Called 'The Collision King', the machine has already been grasped by Martin Johnson, the England manager, the Welsh and Irish managements and Scotland's Andy Robinson, who began working with it at the start of this summer's pre-World Cup training camp.
After four years of secret planning and legal and patenting challenges, Gray has now signed a ten-year licence deal with Rhino, a leading global manufacturer of rugby equipment, and orders for the 2,000 machine are rolling in.
"It is quite phenomenal," he said yesterday. "I knew I was on to something just watching the game develop the way I thought it would over the last few years, and to see the reaction of Martin Johnson, Andy Robinson, Warren Gatland and Declan Kidney reassured me that it had the potential to make a difference to rugby.
"But it's when the orders come in and international coaches start using it that you really see your idea come to fruition. Over 35 have gone out in the past two weeks across the UK and Europe and we've got an order in from Mark Hammett at Wellington Hurricanes, Sale bought four last week and even Harrow School bought two."
Explaining the theory behind the 'Collision King', Gray said: "I watched the last World Cup and tried to work out where the game was going. It was very defence-orientated and so with defences getting better and players becoming stronger, faster and fitter, I felt the collision in the game was going to become crucial to teams' ability to play it.
"And that's what has happened. The number of collisions in the game has doubled to around 160 per game - 180 on average in last year's Tri Nations. There is a lot of talk about law changes and this and that, but the only way players and coaches will make the game better is to make those stoppages more dynamic, to keep it going.
"I have analysed the game to death for the past four years and while the collisions and rucks are becoming more important they are still not very dynamic. On the whole players' body heights are poor, they're slow to get off the ground, slow to get into the collision and don't work hard when they're in there. So to get to the bottom of it I studied three things - force, angles and patterns - and came up with the 'Collision King' concept, a machine that can bring outstanding dynamic body height time and time again, with every angle and centimetre on the machine is relevant to create the perfect hit."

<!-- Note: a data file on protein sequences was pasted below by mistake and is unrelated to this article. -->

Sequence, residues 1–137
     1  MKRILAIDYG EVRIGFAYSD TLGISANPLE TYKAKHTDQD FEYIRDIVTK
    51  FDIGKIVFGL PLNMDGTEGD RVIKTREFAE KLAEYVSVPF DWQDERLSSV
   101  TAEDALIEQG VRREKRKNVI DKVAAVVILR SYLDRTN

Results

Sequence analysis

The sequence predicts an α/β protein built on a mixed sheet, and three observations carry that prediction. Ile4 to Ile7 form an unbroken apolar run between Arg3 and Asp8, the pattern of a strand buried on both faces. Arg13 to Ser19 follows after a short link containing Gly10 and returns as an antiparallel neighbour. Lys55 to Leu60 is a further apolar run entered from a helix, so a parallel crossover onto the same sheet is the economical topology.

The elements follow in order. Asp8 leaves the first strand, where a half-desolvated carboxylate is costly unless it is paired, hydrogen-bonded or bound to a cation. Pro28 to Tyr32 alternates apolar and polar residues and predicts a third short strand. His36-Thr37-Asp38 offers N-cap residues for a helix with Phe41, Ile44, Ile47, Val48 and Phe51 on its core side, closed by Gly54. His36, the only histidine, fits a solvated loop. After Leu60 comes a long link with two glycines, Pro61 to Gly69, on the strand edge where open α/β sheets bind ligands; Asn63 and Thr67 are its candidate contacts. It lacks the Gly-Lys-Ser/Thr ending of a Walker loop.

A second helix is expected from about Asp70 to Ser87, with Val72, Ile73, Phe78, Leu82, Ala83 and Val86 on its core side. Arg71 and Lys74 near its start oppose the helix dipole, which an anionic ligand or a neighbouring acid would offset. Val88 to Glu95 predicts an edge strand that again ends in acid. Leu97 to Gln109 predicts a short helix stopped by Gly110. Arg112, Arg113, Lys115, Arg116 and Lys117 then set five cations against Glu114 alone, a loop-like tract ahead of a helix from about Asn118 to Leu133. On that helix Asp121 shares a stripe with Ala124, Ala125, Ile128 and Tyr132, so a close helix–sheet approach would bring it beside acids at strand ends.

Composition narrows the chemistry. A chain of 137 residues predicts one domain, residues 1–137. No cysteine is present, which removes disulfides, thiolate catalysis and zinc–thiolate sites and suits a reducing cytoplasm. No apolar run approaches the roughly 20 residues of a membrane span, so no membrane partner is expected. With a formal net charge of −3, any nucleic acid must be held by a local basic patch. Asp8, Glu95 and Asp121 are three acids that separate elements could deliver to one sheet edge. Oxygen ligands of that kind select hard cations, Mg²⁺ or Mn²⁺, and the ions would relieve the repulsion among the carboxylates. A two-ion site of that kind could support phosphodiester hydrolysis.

Reg Clark, CEO of Rhino Rugby, said: "The key to the development of this training aid is that it has been invented by a rugby skills coach with an outstanding knowledge of skill acquisition. The brilliance of The Collision King is in its simplicity - it is a machine that every player, back, forwards and sevens alike, will benefit from using. In my opinion there has never been a rugby training aid like it."Perhaps the machine's key strength is its ability to allow players to improve their technique in an area that they cannot usually practise against each other, without the fear of injury. In fact, a significant number of injuries have been suffered by players during contact sessions where they are striving to improve their ability to contest the breakdown/collision.
Gray, a former league and cup-winning Gala captain, SRU development officer and now college lecturer, has always been a creative character, so does he see a new career as an inventor?
"Who knows? Scots have a reputation as inventors and I've always liked a challenge. I've had a great team of people around me, from Scottish Enterprise, patent lawyers, intellectual property consultants and my own lawyers, and it's a minefield, but now that we've got the registration mark, the logos registered, the patent ongoing, domain names and all the European design rights, and it's selling I can say it's worth it.
"It's been a great journey, from making the first one with DCB Welding of Walkerburn last summer, where we all got into the garage,, built it at night and everyone signed non-disclosure agreements, to inviting coaches like Jim Telfer and Andy Robinson and Reg Clark to Galashiels, and getting them to sign the agreements before seeing it, and now putting it out there in the market-place. I've got more ideas that I'd like to pursue, so it's maybe just the start."